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14 Animals Who Changed History

animals who changed history

Animals are sentient beings, who are far more powerful than we give them credit for. We enjoy them as pets, and since they are often super intelligent, they have also made great contributions to history. Here are 14 animals who changed history!

Bucephalus, The Bold, Conquering Warhorse

There are many impressive mythological horses, like Pegasus and Unicorns, but the real life Bucephalus puts them all to shame. He was large, black, and complete with a gorgeous white star on his forehead. It is no enigma as to why Alexander the Great became so interested in him.

animals who changed history

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Legend says that Bucephalus was untamed and petrified of his own shadow, so nobody was interested him, despite his incredibly large size. He and Alexander the great were the best of friends, conquering half of the world, and when the horse passed away, Alexander named a whole region after his precious noble steed.

Laika The Space Dog

There are some dogs that lived a much more interesting life than most humans, such as Laika, and her legacy is still strong today. She was born as a stray in the freezing streets of Moscow, and was chosen as a canine cosmonaut for the Soviet Space Program. Pretty impressive for a canine, no?

animals who changed history

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The program specifically selected Muscovite stray dogs because they were intelligent, tough, and could handle anything. Laika was launched into space on Sputnik 2 in 1957, making her the first animal ever to orbit Earth, but unfortunately died during the operation from overheating.

Tesla’s the Strange Scientist and His Pigeon

“Mad scientist” was the easiest and most accurate way to describe Tesla, mostly because he was especially a weirdo when it came to pigeons. He adored pigeons, and had many of them as as domestic companions. He had an especially tight bond with a female pigeon, whom was described as being the “purpose to his life.”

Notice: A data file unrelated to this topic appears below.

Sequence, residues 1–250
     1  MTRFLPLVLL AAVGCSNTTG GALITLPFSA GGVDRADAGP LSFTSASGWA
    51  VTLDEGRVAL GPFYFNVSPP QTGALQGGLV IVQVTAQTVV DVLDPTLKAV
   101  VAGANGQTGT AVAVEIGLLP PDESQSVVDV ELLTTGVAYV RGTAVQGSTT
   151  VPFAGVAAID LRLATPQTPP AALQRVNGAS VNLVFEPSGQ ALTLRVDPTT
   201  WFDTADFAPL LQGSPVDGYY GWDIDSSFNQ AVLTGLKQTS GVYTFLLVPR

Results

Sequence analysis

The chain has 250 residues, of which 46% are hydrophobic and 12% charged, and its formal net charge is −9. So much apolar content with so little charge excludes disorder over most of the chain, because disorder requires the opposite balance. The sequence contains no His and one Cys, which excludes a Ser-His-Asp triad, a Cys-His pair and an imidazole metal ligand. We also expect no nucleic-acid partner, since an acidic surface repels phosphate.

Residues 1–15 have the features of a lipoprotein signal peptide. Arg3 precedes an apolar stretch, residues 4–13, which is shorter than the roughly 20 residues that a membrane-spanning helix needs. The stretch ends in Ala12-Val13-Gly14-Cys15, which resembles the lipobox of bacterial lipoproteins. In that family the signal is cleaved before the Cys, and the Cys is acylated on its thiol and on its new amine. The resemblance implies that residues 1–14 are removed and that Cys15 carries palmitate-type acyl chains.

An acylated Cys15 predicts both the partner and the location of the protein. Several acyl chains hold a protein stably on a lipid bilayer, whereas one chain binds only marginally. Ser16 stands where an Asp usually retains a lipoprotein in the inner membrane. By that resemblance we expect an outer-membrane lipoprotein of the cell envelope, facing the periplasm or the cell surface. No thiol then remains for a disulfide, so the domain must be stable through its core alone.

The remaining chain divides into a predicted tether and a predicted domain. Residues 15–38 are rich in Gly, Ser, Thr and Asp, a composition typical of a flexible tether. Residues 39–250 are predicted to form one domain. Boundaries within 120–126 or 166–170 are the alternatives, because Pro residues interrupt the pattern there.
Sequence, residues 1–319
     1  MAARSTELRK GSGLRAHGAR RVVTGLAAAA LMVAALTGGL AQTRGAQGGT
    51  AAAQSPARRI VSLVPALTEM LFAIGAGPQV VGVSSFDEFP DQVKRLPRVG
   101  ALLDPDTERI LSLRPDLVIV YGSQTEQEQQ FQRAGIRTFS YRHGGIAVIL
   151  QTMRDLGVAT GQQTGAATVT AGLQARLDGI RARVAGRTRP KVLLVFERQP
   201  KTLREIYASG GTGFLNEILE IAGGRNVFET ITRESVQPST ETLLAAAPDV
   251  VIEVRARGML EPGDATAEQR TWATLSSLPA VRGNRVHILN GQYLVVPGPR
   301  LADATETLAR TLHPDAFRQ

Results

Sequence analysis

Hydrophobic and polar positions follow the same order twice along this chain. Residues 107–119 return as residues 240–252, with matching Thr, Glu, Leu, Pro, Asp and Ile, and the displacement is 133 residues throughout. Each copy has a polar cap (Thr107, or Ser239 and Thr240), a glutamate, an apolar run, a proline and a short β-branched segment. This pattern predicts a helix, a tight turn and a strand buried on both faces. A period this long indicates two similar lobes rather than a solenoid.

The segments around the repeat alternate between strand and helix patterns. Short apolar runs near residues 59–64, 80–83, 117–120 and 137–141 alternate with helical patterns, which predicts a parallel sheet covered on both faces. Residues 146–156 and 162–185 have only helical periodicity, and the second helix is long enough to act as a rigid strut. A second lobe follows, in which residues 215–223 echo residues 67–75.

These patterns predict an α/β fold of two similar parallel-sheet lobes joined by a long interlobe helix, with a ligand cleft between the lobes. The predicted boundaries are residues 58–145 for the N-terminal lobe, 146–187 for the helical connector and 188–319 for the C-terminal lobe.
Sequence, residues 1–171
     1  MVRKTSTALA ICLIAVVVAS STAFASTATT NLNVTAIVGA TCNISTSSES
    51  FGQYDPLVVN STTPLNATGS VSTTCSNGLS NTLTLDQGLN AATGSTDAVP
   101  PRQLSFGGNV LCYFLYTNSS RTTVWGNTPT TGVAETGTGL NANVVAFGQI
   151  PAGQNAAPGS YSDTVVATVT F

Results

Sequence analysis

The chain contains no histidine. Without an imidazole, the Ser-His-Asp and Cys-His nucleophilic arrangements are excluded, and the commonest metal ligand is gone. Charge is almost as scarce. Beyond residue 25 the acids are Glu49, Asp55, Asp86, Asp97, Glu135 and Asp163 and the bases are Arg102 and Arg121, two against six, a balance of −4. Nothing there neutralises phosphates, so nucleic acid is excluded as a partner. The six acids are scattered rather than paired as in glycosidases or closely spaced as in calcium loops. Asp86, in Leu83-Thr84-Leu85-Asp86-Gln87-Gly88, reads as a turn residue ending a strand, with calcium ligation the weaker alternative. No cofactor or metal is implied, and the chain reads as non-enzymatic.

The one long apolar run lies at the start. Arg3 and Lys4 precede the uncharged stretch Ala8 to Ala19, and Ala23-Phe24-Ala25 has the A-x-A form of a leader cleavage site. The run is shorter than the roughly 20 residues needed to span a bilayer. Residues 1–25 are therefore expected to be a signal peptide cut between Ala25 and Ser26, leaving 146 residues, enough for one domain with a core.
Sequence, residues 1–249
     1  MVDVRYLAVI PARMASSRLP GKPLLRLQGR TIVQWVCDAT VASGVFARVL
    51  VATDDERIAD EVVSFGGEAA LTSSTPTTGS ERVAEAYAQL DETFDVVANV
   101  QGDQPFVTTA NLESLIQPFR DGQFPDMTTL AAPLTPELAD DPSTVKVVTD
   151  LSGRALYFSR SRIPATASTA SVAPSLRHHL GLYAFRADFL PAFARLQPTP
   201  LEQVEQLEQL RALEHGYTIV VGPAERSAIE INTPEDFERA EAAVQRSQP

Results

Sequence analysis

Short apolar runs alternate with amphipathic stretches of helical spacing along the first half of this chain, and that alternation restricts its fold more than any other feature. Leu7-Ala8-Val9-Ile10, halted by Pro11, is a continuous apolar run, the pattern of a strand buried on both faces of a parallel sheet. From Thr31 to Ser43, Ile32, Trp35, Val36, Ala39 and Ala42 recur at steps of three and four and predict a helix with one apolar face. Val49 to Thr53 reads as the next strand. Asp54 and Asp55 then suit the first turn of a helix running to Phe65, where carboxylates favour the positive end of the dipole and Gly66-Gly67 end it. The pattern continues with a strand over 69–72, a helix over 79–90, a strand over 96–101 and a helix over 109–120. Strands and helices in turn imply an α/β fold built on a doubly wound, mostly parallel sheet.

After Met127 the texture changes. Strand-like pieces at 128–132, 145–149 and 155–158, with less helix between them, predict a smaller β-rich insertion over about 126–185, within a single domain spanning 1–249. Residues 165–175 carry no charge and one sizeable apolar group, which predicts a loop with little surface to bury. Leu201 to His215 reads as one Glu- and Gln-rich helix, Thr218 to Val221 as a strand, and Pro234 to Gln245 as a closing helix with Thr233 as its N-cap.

animals who changed history

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In 1924, this pigeon landed at his window, and he was able to catch onto her attempts to let him know that she was dying. Tesla stated that a light shot out from her eyes, which was the brightest thing he ever saw.

Congo, The Artistic Chimpanzee

Since Charles Darwin first released The Origin of Species, there has been this fad of an interest in humanity’s relationship to its cousins, otherwise known as apes. Congo was a chimpanzee with an especially unique talent for abstract impressionist art, and he took this fascination to a place you can’t even imagine.

animals who changed history

Sparknotes.com

Congo was born in 1954, and began painting at the age of two. He had a portfolio of 400 works of art by his fourth birthday. They were crazy good; in fact, so good, that Picasso himself was an enthusiastic fan of Congo’s work, and displayed his paintings in his home, as well as his very own art studio. Props, Congo!

The Snake That Managed to Kill Cleopatra

Cleopatra was lacking in the luck department during the year 30 BC.. Her empire was on the verge of being conquered, her ex-boyfriend’s family had taken her lands, and her love, Marc Anthony, killed himself…can you imagine the despair? So, she opted to peace out, as well, by finding a venomous snake to bite and kill her.

animals who changed history

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Her death had a direct impact on the Roman Empire, which in turn, has affected pretty much everything on the planet. The snake who eased her journey, however, didn’t seem to show much remorse.

The Pig Killed the King

Philip of France was killed by a pig, without having any way to bargain his way out of it (not that anyone would choose to end their fate this way). In 1131, just two years after getting his crown, Philip was riding with his buddies along the Seine, when suddenly, a random pig bolted out of nowhere.

animals who changed history

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Philip’s horse went crazy, and with Philip still on the horse, the horse flung him off its back. His injuries were so severe, that he died the next day. His successor, Louis VII, was the idiot who got France into the catastrophic Second Crusade, and we all know how tragic and disastrous that was.

Killer Monkey in the Garden

In October of 1920, King Alexander of Greece was wandering through some gardens, when his dog began to fight a MONKEY. When Alexander tried to break it up, another macaque (the type of monkey) came in to defend his fellow monkey, and bit the Greek ruler, causing quite a bit of damage.

animals who changed history

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His wound became infected, killing Alexander at the age of only 27, and caused the Greek monarchy to enter a tumultuous series of events, and you can only imagine what that consisted of. Political instability ensued, and the nasty Greco-Turkish came after that, as well. Thanks a lot, monkey!